Shakespeare Solved® versions of these plays solve the mysteries surrounding them by taking us back in time to see the plays as they were performed for the first time in history.


This blog explains these new versions, and explores the life and times of Shakespeare, in order to build support for my new TV series versions of the plays.


Available from Amazon, Apple, and Google Play. Search: David B. Schajer.


Please join over 73,000 other people who follow Shakespeare Solved® -- the number one Shakespeare blog in the world -- on Facebook, Twitter, Google Plus, Tumblr, and Instagram!



Articles Written For:


The University of Oxford's Bodleian Library & The Royal Shakespeare Company


Most Popular Posts:


1. Shakespeare's Shylock Solved 2. Shakespeare's Othello Finally Identified 3. Shakespeare In Love Sequel Solved 4. The Real Romeo and Juliet 5. Shakespeare's Malvolio Solved 6. Shakespeare's Real Petruchio

Monday, August 19, 2013

Shakespeare and Richard II Deposed


On 19 August 1399, King Richard II was surrendered to Henry Bolingbroke at Flint Castle and was deposed.






For several years before that, the government was in turmoil. 

Some of his courtiers had grown in power until the government was taken over. King Richard regained control, and for a time there was relative peace. But then he began to execute and exile many of his opponents.





Henry Bolingbroke, one of the exiles, invaded England, forced Richard to abdicate his throne, and claimed the throne for himself, crowning himself King Henry IV.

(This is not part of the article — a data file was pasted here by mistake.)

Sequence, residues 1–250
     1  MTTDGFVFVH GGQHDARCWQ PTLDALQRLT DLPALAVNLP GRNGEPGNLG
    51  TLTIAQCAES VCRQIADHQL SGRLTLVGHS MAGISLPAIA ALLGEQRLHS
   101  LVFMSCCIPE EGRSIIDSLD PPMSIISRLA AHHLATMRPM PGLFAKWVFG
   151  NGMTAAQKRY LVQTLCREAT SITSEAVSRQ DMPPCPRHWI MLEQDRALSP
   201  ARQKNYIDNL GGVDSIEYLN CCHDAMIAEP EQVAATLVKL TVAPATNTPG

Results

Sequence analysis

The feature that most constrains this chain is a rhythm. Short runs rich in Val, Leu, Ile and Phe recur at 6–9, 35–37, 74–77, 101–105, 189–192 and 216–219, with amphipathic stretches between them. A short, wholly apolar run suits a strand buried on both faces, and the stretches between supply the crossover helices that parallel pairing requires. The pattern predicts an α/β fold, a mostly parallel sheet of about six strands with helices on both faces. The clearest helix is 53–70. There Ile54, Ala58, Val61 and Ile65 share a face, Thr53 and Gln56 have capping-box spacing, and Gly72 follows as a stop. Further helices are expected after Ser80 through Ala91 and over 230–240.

The real historical story of these events is quite fascinating.

But what did the story of King Richard II mean to Shakespeare?

Shakespeare wrote his Richard II play in around 1595, at a time when Robert Devereux, Earl of Essex was his friend and patron.


Robert Devereux, Earl of Essex

Essex was involved in a long battle in Queen Elizabeth’s court with the Cecil faction -- led by William Cecil and his son Robert Cecil.



Robert Cecil



They were the two most powerful men at court, and when William Cecil died in 1598, his son Robert became the single most powerful person in England. I consider him more powerful than the Queen herself, since she would not have been able to exercise her power without him.

Essex and his supporters, including that other great patron of Shakespeare’s, Henry Wriothesley, Earl of Southampton, believed that the Queen was giving too much power to the Cecils, and others, like her spymaster Francis Walsingham.

So, Essex, Southampton and others feared that Queen Elizabeth was making the same mistake that Richard II had made. It should not come as a surprise then that Shakespeare, employed by Essex, would write a cautionary play about trusting the wrong courtiers.

As the years went by, Essex lost most of his ground at court with Elizabeth. He had once been her “favourite” and by 1600 he was a threat to her.

In the beginning of 1601, Shakespeare and his company were paid an unusually large sum of money to perform the Richard II play again on a specific date -- 7 February.